November 14th, 2005

The Premiere OnLine Magazine for the Fly Fishing Enthusiast.
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Stu Williams
By Benjamin A. Hart (benjo), Missoula, MT.

Behind a dilapidated house on the outskirts of Missoula, MT underneath a 1000 square foot gothic greenhouse heirloom driftboats are built one at a time. In an industry dominated by mass produced boats made of fiberglass and aluminum there are still a few people out there proving that the beauty of wood is more than skin deep, Stu Williams is one of them.

Stu builds boats, and since he lives right down the street I sometimes drop by for a beer and watch him work wood into all types of watercraft, mostly drift-boats. Stu started building musical instruments at 15 with a $30.00 jig saw and a "terminal case of determination." The son of a custom gun-maker he says he's got the smell of walnut in his blood. He built about a hundred mandolins, fiddles and guitars over the years. Eventually landing in Missoula Montana, which Stu refers to as the "center of the universe," he worked some different jobs, some building and other woodworking.

In 1989 Stu built his first boat because he wanted one. Before completing it he had orders for two more. He's been building them ever since, refining his designs with customer input and is approaching his 100th boat.

I watch Stu drill a drain hole and insert a brass fitting and offer him a beer. A lot more beers go into the building of a driftboat than you might think; "A dump truck full delivered by my support crew" says Stu. It generally takes about eight weeks for him to finish a boat, building solo. I look at some of the pieces used to build this particular boat; there's some black walnut, and a lot of oak with the most beautiful figuring on it. There's a lot more that goes into these things: coastal marine plywood, four gallons of epoxy, red oak, vermillion, local Douglas fir, walnut and some nice brass.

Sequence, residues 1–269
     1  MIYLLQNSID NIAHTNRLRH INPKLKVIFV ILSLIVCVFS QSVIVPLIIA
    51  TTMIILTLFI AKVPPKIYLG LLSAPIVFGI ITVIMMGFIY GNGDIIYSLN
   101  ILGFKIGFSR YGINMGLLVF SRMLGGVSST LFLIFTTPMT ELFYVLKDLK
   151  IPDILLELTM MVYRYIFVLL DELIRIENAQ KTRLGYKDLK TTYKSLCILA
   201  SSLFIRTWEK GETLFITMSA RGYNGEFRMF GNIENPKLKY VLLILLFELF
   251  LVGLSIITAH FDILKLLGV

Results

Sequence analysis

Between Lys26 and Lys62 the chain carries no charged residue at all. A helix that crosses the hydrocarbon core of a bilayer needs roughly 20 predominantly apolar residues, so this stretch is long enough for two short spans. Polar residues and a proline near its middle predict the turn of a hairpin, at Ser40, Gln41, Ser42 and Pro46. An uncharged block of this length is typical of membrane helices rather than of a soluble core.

Stu loves to talk design. He builds a wide boat that doesn't need to be overpowered. He prefers to outfit them with nine foot ash oars from New Zeland. I used to think that was too short for a Stu boat until I rowed one and the response was great. The boats track and row is unbelievably easy. His boats have a wide transom, and as a guide I appreciate a feature like that because sometimes the guy in the back of the boat is pretty wide. More surface area means more buoyancy and a higher ride despite additional weight in the back. Over the years he's tweaked some things like oarlock placement and seat height. He's added creature comforts like drink holders, a very open cockpit, and just the right amount of storage space. A lot of care goes into bottoming a Stu boat and the result is a very slick buoyant bottom that will stand up to abuse.

As I sit around and shoot the breeze with Stu, he shows me a steelhead he just caught on the Clearwater and I tell him how my hunting season is going. Stu always says he's on "geologic time" though he moves along at a good pace pausing only for a drink of Bayern Troutslayer. Each boat is built with Stu's blood sweat and tears and to row one is to appreciate that.

You can check out Stu on the web at: montanaboat.com ~ Benjo


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